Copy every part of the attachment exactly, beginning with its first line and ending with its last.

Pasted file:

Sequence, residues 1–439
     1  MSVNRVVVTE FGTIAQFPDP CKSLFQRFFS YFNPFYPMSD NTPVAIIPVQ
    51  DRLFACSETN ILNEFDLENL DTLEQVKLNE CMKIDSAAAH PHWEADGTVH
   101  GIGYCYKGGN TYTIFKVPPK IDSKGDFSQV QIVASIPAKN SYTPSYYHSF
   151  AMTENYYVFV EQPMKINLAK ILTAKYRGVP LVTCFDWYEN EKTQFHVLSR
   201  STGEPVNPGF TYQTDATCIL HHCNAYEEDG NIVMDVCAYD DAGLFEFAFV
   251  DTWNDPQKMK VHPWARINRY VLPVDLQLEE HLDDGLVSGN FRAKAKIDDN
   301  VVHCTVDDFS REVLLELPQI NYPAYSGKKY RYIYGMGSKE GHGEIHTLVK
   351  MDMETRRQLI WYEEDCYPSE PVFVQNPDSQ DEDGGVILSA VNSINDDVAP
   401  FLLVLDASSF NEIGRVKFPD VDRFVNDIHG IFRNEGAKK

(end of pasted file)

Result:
Sequence, residues 1–439
     1  MSVNRVVVTE FGTIAQFPDP CKSLFQRFFS YFNPFYPMSD NTPVAIIPVQ
    51  DRLFACSETN ILNEFDLENL DTLEQVKLNE CMKIDSAAAH PHWEADGTVH
   101  GIGYCYKGGN TYTIFKVPPK IDSKGDFSQV QIVASIPAKN SYTPSYYHSF
   151  AMTENYYVFV EQPMKINLAK ILTAKYRGVP LVTCFDWYEN EKTQFHVLSR
   201  STGEPVNPGF TYQTDATCIL HHCNAYEEDG NIVMDVCAYD DAGLFEFAFV
   251  DTWNDPQKMK VHPWARINRY VLPVDLQLEE HLDDGLVSGN FRAKAKIDDN
   301  VVHCTVDDFS REVLLELPQI NYPAYSGKKY RYIYGMGSKE GHGEIHTLVK
   351  MDMETRRQLI WYEEDCYPSE PVFVQNPDSQ DEDGGVILSA VNSINDDVAP
   401  FLLVLDASSF NEIGRVKFPD VDRFVNDIHG IFRNEGAKK